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Arabs nervous about Sharon

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  • Ami Isseroff
    [AL-AWDA] Arabs nervous about SharonArabs uneasy about results Won t start over, Palestinian says By IBRAHIM HAZBOUN Associated Press RAMALLAH, West Bank --
    Message 1 of 1 , Feb 7, 2001
      [AL-AWDA] Arabs nervous about Sharon

      Arabs uneasy about results

      Won't start over, Palestinian says

      Associated Press

      RAMALLAH, West Bank -- The Palestinians said Tuesday they are ready to conduct peace talks with Ariel Sharon but warned that his hard-line program was a recipe for war.

      "We respect the Israeli people's choice, and we hope the peace process will continue," Palestinian leader Yasser Arafat was quoted as saying by his adviser, Nabil Aburdeneh.

      Elsewhere in the Arab world, news of Sharon's victory over Ehud Barak in the Israeli prime minister's race was met with dread.

      Yehiia Qabbani, 18, a Palestinian living in the al-Hussein refugee camp near Amman, Jordan, said Sharon "is a criminal and he killed all my family's hope to return to our home."

      In Kuwait, Mohamed al-Othman, a 40-year-old civil engineer, watched the election results on TV.

      "Couldn't they have chosen someone else, someone with clean hands?" he said.

      The Palestinians say negotiations must resume where they left off last month - when Barak offered them a state in virtually all of the West Bank, the Gaza Strip and parts of contested Jerusalem.

      Sharon has said he does not want to give the Palestinians more land - beyond the two-thirds of Gaza and 42 percent of the West Bank they now control - and is not ready to relinquish any part of Jerusalem.

      "If Sharon wants to talk about the peace process, he has to understand that we have to begin where we left off; we cannot go back to point zero," said Saeb Erekat, a Palestinian negotiator.

      "If, on the other hand, Mr. Sharon starts to implement the program he announced during the election campaign, that is to keep the occupation of Jerusalem, the (West Bank's) Jordan Valley, I think that he will be producing a recipe for war," Erekat said.

      Earlier in the day, hundreds of Palestinians burned pictures of Barak and Sharon in the West Bank town of Ramallah.

      The Palestinians said their uprising against Israel would continue, regardless of who won the election.

      In scattered clashes in the West Bank, three Palestinians were wounded by live rounds and 43 were hurt by rubber-coated steel pellets fired by Israeli troops. Gunbattles erupted in two locations.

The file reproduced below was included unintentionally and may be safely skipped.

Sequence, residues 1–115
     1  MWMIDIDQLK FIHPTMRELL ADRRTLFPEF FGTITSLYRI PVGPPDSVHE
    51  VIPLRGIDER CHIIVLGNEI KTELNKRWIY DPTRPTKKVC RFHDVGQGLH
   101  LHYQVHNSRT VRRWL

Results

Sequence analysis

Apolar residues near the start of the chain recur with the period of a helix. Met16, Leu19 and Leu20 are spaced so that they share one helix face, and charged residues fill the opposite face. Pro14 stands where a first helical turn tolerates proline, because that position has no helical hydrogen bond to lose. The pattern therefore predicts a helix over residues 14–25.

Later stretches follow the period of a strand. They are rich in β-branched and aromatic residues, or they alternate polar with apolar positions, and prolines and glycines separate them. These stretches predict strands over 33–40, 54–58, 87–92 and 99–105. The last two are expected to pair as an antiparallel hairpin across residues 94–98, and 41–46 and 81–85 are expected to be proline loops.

Palestinians had called for a "day of rage," but the clashes were relatively muted compared with violence of the past four months.

      The mood across the West Bank and Gaza Strip was one of indifference, with many Palestinians saying both men have a history of oppressing them and they don't believe their situation can get worse under Sharon. Palestinians do not have the right to vote, unlike Israel's Arab citizens.

      Although Barak's offer to the Palestinians at the negotiating table was the most generous ever made by an Israeli leader, many Palestinians judged him largely on his actions during the past 17 weeks of Israeli-Palestinian fighting.

      More than 300 Palestinians have been killed in clashes with Israeli troops, and throughout the fighting, Barak enforced tight travel restrictions on Palestinians, in many cases barring them from leaving their communities for weeks at a time.

      For many Palestinians, that made them revile Barak as much as they have Sharon - a man who for years has been seen here as one of the Palestinians' greatest enemies.

      In the Israeli-controlled downtown sector of the West Bank town of Hebron, some 30,000 Palestinian residents have been confined to their homes for more than three months, as troops guarded some 450 Jewish settlers living in the area.

      Hebron has been a major friction point, with Palestinians repeatedly shooting at Israeli positions. A fresh gunbattle erupted Tuesday.

      Assife Sharabati, 31, who lives next door to the Jewish settler compound of Avraham Avinu, said she was deeply disappointed in Barak. "We never had a curfew of 100 days in a row before. We only had it under Barak, the 'peacemaker,'" she said.

      Sharabati's balcony was covered with wire mesh to protect her home against stones and empty bottles thrown from time to time by her settler neighbors. She said she feared that in the event of a Sharon victory, the settlers would become more brazen in their attacks. "If Sharon is winning, welcome to hell."
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